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  1. #11
    Senior Member OldRagFreeze's Avatar
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    Nov 2012
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    Quote Originally Posted by Big Joe View Post
    Chose site
    Hang pack from tree
    Tidy up area
    Set up fire pit
    Gathering wood
    Get fire going
    Set up hammock and tarp
    Cook when fire is ready
    Relax and enjoy nature
    And finally sleep
    That sums me up pretty well.
    "We're the Sultans of Swing."

  2. #12
    New Member
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    Sep 2012
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    Lynchburg, VA
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    I am with Big Joe on this one. As far as set up...that is dialed in at the house with a lot of experimenting. When I am in the woods I just want to relax and enjoy God's creation.

  3. #13
    Chard's Avatar
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    Sep 2009
    Location
    Toronto, Canada
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    HH Exped w DIY ZipMod & WBBB
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    Whether it's canoeing, hiking or more recently winter-camping, my "routine" usually follows the same basic sequence.

    1. Site Scout
    2. Shelter
    3. Bedding
    4. Water
    5. Fire/Food/Clean-up
    6. Hang Foodbag

    Site Scout: A quick look for hanging spots, hazards, leprechauns, etc...

    Shelter: I like to get my tarp set up as soon as I hit camp, just as insurance against the weather. In perfect weather, I'll likely leave the snakeskins on. I'll throw all my gear underneath it on a small plastic groundsheet.

    Bedding: Next I'll hang my hammock. Usually the first night of every trip I spend a little extra time to "dial in" my gear, but then it goes up fast every night after that. At this point, there's never really much dialing to do anyways. If there's no blowing rain, I'll take out my down underquilt/topquilt and let them loft up. I'll get everything I need for bed ready (headlamps, Ipod, book, etc..) so there's no fumbling around in the dark.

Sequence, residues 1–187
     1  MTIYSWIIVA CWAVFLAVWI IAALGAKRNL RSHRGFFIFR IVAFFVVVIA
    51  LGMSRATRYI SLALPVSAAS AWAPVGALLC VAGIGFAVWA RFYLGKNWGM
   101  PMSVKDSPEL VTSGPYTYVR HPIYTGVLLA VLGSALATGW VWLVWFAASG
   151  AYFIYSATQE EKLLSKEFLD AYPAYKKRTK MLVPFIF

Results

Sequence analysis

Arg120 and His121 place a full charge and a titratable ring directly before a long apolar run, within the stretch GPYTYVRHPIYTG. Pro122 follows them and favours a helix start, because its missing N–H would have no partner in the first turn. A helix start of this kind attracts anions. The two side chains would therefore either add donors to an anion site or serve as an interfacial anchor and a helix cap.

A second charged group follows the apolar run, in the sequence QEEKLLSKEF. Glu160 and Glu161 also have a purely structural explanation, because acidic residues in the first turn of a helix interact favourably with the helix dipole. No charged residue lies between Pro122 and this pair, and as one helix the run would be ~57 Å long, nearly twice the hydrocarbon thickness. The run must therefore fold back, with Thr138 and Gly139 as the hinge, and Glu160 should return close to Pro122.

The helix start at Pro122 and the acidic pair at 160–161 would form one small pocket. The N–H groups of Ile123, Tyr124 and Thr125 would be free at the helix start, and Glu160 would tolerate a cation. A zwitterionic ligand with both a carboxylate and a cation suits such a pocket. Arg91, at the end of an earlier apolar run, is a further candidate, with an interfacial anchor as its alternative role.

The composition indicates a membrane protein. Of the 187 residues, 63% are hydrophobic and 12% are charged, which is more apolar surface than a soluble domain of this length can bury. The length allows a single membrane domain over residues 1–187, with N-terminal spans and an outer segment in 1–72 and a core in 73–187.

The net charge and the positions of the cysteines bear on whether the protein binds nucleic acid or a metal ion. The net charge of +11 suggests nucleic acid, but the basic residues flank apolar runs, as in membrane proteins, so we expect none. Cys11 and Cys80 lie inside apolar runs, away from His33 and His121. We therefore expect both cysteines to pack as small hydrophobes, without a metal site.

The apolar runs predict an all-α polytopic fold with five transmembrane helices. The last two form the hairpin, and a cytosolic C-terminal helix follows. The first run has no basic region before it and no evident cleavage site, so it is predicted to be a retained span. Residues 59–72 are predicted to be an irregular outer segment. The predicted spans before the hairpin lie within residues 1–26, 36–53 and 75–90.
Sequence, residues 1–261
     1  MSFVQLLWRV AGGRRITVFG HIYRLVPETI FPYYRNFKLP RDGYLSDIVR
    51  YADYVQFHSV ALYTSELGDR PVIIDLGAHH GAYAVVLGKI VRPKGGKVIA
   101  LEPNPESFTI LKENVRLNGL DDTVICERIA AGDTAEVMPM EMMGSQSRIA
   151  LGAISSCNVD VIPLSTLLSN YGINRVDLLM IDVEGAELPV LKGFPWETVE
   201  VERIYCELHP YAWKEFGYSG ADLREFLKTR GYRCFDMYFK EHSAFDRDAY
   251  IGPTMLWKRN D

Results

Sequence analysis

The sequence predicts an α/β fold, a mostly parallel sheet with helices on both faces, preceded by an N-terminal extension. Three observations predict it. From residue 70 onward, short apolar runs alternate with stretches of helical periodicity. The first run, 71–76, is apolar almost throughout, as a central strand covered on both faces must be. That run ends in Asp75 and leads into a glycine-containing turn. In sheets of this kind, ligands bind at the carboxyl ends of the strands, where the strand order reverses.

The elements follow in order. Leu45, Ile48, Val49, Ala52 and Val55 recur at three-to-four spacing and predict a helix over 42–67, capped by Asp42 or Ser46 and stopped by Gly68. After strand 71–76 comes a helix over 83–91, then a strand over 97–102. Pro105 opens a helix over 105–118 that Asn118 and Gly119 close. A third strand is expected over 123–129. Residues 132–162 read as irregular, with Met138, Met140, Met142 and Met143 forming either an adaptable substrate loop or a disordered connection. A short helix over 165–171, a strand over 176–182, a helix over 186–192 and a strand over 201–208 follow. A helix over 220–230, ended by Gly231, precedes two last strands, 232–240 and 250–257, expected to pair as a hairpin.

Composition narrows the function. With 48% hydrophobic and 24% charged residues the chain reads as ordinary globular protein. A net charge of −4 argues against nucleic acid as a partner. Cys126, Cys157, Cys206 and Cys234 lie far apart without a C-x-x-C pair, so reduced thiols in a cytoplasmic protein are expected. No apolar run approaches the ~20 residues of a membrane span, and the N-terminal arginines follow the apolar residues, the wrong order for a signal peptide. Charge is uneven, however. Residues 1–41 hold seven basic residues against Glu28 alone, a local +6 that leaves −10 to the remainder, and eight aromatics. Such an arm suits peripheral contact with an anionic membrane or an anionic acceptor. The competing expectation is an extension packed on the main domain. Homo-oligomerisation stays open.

Water: Drink, drink, drink. I'll refill my water, either by pumping or using a gravity filter. If I'm parched, I'll do this as soon as I hit the site.

    Fire/Food/Clean-up: Gather/process firewood/cook/clean

    Hang Foodbag: 100m from camp, 5m up, 2m out

    Last edited by Chard; 02-27-2013 at 19:49.
    Survival is about getting out alive, Bushcraft is about going in to live - Chard (aka Forest-Hobo)

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  4. #14
    Senior Member StumpJumper's Avatar
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    Jun 2009
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    Santa Barbara
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    Some good varied responses here. My own routine goes as such:

    - Site selection
    - Hang hammock
    - Loft and rig UQ/TQ
    - String tarp, but leave in snakeskins (unless raining or windy, then this goes to #2 and I'll tinker with pitch and/or porch mode)
    - Move all lose items (cookware, clothes, etc) into my JRB pack cover and stash under hammock
    - I almost always go for a river/lake bath or give myself a thorough wipe-down (this helps me sleep better) and change into clean long-johns and top.
    - Collect firewood, organize camp, prep dinner
    - Go off to explore if there's still daylight or catch the sunset from a vantage point.
    - Cocktail, dinner hour.
    - Settle in to the hammock and listen to music for 10-15m
    - Zzzzzzz

    I still enjoy the tinker-factor of hammocks, but through repetition over the years I've finally settled into 'set-it and forget-it' mode. Of course I still carry a few lengths of shockcord and Zing-it just in-case I come up with an on-the-fly idea.

  5. #15

    Join Date
    Sep 2010
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    Rochester, NY
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    +1 on Chard.

    I suspect a lot of the difference in order depends on where one is. In the NE it often sprinkles in the evening or morning. Shelter becomes an issue but water seldom is. One learns to keep moving in the sense of getting camp up and set before settling down to food and relaxation. There is nothing quite like nodding off and being woken up from an impromptu nap by a shower with one's gear spread out and no shelter up... ;-)
    YMMV

    HYOH

    Free advice worth what you paid for it. ;-)

  6. #16
    Senior Member amac's Avatar
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    Jun 2008
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    Westford, MA
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    I'm kinda close to StumpJumper, but I'm dead tired by the time I'm setting up camp, so no exploring for me, and if firewood isn't within a 100' of camp, no campfire: